We continue with the interview of Anuja Kapur, Criminal Psychologist about criminal minds.
How do you find out that the criminals are not lying?
There’s no one indicator to tell if someone is lying. One of the very first steps of the process is to establish a baseline that how the charged person would act in normal circumstances. In other words, it may be difficult to tell when someone is lying if you don’t know how he or she acts when they are telling the truth and the compare both the situations. Certain points to figure out if a person is lying are:
- Their bodily expressions may not match what they are saying out loud. Look and listen with intensity for behavioral and language changes.
- Unusual gesticulating, that is, they are unconsciously trying to calm that anxiety response or at least get the blood flowing back to their extremities, all of which could point to nervousness about telling a lie.
- A change in their voice.
- Identify key elements and changes in a story. A liar would improvise with the details and makeup facts and figures to convince the people but usually end up with a different story each time they explain themselves.
They might have the guts to lie to the law very easily. Is prison the only option for them?
Once a criminal is locked away in prison, we can satisfy ourselves that a social debt is paid by the criminal sitting idle for a few years behind the bars. Sorry, this is a wrong notion that we live by. I have always judged that governments should work to make prisons active employment and education centers. Instead of having prisoners kill time and get involved in more corrupted activities while they are in prison, I would recommend making them work and compensate for what they did, towards the society. Currently prison breeds crime. It’s become clear that prison in its current state does not help the society. Prison only serves the right purpose if the offender in prison can be helped to reform their ways.
There are many reasons why a person commits a crime and it is the duty of us as a caring society, to help the offender. With the availability of psychology, healthier social conditions and an effective rehabilitation program, the offender has a better chance to come clean with their participation and successful completion of the program. This approach will definitely meet with great success.
Prison may not be the best punishment in many cases. There has got to be a better way to rehabilitate offenders while maintaining their dignity, freedom, and rights. Prison systems at present may not be having the effect we desire because they are becoming more and more lenient. Prison is meant to be uncomfortable and hard. These days, prisoners have movies, sports, and other activities, they would not normally have on the outside. They are actually rewarded for their behavior. Various prospects of drug and alcohol treatment, career training, and psychological counseling should be affixed into the prison substructure, in order to cure people while they are behind bars.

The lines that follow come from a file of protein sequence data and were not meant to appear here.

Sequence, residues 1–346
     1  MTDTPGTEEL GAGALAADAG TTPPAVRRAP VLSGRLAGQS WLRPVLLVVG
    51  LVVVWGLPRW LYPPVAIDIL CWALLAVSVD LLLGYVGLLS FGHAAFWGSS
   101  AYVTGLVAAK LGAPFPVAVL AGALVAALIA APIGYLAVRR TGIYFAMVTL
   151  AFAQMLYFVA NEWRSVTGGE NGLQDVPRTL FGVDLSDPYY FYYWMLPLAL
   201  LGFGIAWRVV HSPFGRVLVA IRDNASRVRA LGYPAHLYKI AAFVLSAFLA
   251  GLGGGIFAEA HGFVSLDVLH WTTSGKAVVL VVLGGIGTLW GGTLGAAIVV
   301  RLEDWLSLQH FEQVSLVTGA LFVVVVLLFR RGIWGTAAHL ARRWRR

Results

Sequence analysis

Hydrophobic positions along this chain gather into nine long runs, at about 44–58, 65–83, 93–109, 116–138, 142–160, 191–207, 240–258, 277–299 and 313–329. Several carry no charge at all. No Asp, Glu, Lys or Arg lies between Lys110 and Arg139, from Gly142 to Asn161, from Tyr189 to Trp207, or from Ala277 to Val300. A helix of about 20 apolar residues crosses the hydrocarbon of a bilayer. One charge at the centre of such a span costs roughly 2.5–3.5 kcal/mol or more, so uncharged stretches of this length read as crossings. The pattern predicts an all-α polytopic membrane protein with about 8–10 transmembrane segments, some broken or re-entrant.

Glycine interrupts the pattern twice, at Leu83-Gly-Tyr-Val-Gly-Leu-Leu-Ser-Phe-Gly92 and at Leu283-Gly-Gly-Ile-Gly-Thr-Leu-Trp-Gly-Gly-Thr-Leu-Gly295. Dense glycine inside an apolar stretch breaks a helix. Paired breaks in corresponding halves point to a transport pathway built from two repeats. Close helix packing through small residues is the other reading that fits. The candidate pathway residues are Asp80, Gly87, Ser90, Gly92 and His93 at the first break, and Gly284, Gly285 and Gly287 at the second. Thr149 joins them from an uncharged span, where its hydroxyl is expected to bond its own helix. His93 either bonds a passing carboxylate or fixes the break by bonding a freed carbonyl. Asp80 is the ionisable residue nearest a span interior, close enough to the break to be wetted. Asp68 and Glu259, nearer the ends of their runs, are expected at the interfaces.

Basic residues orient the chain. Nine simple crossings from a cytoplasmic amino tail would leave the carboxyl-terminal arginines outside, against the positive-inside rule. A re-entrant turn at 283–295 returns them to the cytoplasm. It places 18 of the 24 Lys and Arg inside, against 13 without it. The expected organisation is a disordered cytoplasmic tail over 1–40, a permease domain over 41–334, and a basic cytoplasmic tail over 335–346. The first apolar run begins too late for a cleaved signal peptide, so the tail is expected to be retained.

Due to a lot of stockpile in previous judicial cases, a new method of justice has been composed by the government. The method is known as Restorative Justice, where a set of rules for criminal justice focuses on the restoration and reclamation of offenders through cooperation with both the victims and the society. Basically, it is an indemnification understanding between the criminal and the victim of a concerned case. It paves a course of action for the wrongdoers to take social control for their actions and also to grasp the chance to correct their wrongs. The objective of restorative justice conceptualization is to convince the offenders against committing crimes in the future and to free themselves of the crimes they have committed in the past. This method is very much usable in juvenile offenses at present.
Do you think they need some psychiatric treatment/counseling?
Counseling for all criminals should be made mandatory after a criminal surpasses a certain set level. Psychiatrists and counselors help rehabilitate convicts during their stay in correctional institutions and gear them up to incorporate themselves into the real world once they are released from prison. Prison counselors and psychiatrists also offer occupational, academic, social and personal counseling to help prisoners develop new skills and prepare insight to forbid backsliding in the attitude of the victims. Counselors at times also help provide with individual counseling on issues such as depression, stress or substance abuse. Another crucial task of a prison counselor is to assess a prisoner’s treatment progress. They write faithful and detailed case notes after every connection with a prisoner, amass prisoner case files and shape appropriate treatment plans. Prison counselors also help ascertain whether an inmate has met specific treatment goals, such as improvements in behavior or completing programs to be ready for bail or release from prison.